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HIPAA Security Rule Risk Analysis Remains Source of Confusion

Widespread confusion in the healthcare industry continues to persist about OCR risk analysis requirements under the HIPAA Security Rule, according to legal experts David Gacioch and Edward Zacharias of McDermott Will & Emery

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Source: Thinkstock

By Fred Donovan

- Widespread confusion in the healthcare industry continues to persist about OCR risk analysis requirements under the HIPAA Security Rule, according to legal experts David Gacioch and Edward Zacharias of McDermott Will & Emery.

Failure to perform an adequate risk analysis continues to be one of the most commonly alleged HIPAA violations, appearing in half of the settlements OCR has announced in the last 12 months and in nearly all the $1 million-plus settlements reached during that time period, they noted.

The HIPAA Security Rule defines a risk analysis as an “accurate and thorough assessment of the potential risks and vulnerabilities to the confidentiality, integrity, and availability of electronic protected health information held by the covered entity or business associate.”

In an interview with, Zacharias said that the “guidance from OCR and from other governmental organizations hasn’t always been clear. Some have used the word ‘risk assessment’ and some have used the term ‘risk analysis.’”

“I don’t think there has been enough education around what constitutes a compliant risk analysis from the government’s perspective. Some of the guidance has been confusing,” Zacharias said.

READ MORE: Utilizing Risk Analyses for Comprehensive HIPAA Compliance

Gacioch noted that cost could also be a factor in the failure of healthcare organizations to meet the HIPAA risk analysis requirements in OCR’s view.

“Doing what OCR deems to be a compliant risk analysis can be a pretty expensive undertaking,” he told OCR’s formal estimate of the time it should take to complete HIPAA risk analysis is “not realistic” to meet the office’s real standard for compliant risk analyses, he said.

In its April Cyber Security Newsletter, OCR explained that a gap analysis can be used to identify problems with electronic protected health information (ePHI) security, but it is not a substitute for a HIPAA Security Rule risk analysis.

Commenting on the distinction, Gacioch observed that “risk analysis is focused on how your IT infrastructure works and how it protects the ePHI that is created, transmitted, and received in it” whereas “gap analysis is focused on how you comply with HIPAA or some other standard of conduct.”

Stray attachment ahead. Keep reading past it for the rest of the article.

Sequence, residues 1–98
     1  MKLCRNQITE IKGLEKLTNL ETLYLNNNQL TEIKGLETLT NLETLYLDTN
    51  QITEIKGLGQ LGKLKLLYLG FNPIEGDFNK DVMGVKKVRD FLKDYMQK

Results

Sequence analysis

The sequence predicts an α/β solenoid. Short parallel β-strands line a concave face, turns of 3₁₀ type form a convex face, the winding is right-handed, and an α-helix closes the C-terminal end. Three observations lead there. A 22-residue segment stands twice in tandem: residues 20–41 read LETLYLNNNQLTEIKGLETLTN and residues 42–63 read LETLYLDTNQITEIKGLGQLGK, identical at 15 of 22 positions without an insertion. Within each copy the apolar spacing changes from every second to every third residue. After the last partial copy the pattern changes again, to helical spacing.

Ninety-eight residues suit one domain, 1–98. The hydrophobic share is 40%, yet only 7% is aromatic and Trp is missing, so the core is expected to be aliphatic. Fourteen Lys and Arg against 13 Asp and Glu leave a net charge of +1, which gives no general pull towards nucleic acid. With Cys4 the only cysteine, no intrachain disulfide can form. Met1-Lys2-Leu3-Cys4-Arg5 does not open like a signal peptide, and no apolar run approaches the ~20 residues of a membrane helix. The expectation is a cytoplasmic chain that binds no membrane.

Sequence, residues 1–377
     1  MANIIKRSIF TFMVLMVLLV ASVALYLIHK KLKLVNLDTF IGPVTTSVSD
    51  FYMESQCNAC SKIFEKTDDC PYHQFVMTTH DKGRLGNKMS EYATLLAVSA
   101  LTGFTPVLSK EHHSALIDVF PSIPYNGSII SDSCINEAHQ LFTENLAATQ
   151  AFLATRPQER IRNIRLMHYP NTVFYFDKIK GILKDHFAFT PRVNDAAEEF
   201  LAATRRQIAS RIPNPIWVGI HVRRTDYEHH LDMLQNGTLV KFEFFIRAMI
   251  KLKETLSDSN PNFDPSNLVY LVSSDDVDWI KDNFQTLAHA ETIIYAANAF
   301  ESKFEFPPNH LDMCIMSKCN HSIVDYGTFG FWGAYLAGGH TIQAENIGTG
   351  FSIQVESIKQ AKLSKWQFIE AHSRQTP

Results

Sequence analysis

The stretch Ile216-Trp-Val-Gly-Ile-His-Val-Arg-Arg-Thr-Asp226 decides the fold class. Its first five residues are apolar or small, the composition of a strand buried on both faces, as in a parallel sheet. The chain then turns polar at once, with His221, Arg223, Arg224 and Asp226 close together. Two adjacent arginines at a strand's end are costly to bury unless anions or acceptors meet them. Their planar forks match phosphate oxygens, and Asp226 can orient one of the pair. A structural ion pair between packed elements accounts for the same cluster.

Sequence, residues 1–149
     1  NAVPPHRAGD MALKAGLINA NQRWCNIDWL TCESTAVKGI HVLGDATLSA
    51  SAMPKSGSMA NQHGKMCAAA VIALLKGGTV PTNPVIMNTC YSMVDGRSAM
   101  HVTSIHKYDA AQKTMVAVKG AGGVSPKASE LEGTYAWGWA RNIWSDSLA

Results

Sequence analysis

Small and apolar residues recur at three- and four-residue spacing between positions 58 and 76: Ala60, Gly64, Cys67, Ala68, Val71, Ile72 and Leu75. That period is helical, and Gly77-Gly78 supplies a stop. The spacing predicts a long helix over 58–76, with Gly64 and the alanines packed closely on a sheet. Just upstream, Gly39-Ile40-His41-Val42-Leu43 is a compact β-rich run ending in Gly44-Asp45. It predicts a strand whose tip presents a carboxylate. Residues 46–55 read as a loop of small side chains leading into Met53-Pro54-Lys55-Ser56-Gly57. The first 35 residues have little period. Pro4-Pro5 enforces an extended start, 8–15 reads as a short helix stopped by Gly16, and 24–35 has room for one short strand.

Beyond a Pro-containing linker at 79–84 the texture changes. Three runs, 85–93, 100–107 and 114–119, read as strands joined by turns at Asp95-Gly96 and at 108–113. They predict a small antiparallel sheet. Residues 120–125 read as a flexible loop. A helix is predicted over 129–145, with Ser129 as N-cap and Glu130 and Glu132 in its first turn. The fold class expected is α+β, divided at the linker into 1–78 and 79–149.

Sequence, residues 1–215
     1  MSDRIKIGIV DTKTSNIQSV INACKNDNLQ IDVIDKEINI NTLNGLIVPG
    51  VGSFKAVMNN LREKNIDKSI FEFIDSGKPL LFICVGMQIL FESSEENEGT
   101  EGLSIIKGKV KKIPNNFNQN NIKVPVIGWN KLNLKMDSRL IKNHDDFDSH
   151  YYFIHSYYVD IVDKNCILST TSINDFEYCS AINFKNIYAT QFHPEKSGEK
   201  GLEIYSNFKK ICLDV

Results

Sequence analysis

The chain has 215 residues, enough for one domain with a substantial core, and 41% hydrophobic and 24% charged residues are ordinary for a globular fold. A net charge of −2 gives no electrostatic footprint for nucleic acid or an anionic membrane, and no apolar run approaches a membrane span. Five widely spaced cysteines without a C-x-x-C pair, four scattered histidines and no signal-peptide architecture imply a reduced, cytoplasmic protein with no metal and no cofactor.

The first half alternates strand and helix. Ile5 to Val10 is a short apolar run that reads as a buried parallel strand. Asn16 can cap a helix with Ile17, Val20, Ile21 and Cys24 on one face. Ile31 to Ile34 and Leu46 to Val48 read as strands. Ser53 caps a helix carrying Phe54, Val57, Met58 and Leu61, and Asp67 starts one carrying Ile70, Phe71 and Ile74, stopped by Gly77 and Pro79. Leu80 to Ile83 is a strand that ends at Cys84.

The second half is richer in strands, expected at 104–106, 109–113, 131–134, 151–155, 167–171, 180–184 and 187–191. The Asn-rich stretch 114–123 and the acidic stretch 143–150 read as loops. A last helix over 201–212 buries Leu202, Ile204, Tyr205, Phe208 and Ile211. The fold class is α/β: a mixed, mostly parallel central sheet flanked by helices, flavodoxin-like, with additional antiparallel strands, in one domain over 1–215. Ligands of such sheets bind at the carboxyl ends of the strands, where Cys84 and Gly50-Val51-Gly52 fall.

“The risk analysis is a specific administrative safeguard requirement under the HIPAA Security Rule and that is to assess the potential threats and vulnerabilities to all the ePHI in your system,” Zacharias added.

READ MORE: HIPAA Security Rule Requires Physical Security of Equipment

Another source of confusion is the use of the terms risk analysis and risk assessment, which are often used interchangeably but mean different things, the lawyers observed.

In OCR’s Guidance on Risk Analysis Requirements under the HIPAA Security Rule, the office advises organizations to use NIST publication 800-30, which is entitled Guide for Conducting Risk Assessments, to conduct a HIPAA risk analysis.

“So there is confusion on the terminology, which is tough for a lot of organizations,” Zacharias commented. 

In addition, a risk assessment is required under the HIPAA Breach Notification Rule to determine whether unauthorized use or disclosure of PHI creates more than a low probability of compromise, requiring reporting to OCR, they explained in a white paper.

That risk assessment is very different from the risk analysis required under the HIPAA Security Rule.

READ MORE: Gap Analysis Not Enough for HIPAA Security Rule, Says OCR

“There are any number of places where you could use the term risk assessment under HIPAA, not to mention the broader world of privacy and cybersecurity, where it means something different than the specific administrative safeguard [risk analysis] that is the foundation of your HIPAA Security Rule program,” Gacioch stressed.

9 Elements of a HIPAA Risk Analysis

In its guidance, OCR lays out nine elements that a risk analysis must include.

1. Scope of analysis

Account for potential risks and vulnerabilities to the confidentiality, availability, and integrity of all ePHI that an organization creates, receives, maintains, or transmits in any form and/or location.

“Many organizations will set out to do this the right conceptual way, but often end up limiting scope inadvertently to just their electronic medical records system or just their patient billing system. But there are many other places to examine for ePHI, such as email, spreadsheets, Word documents, and PowerPoints, among others,” observed Gacioch.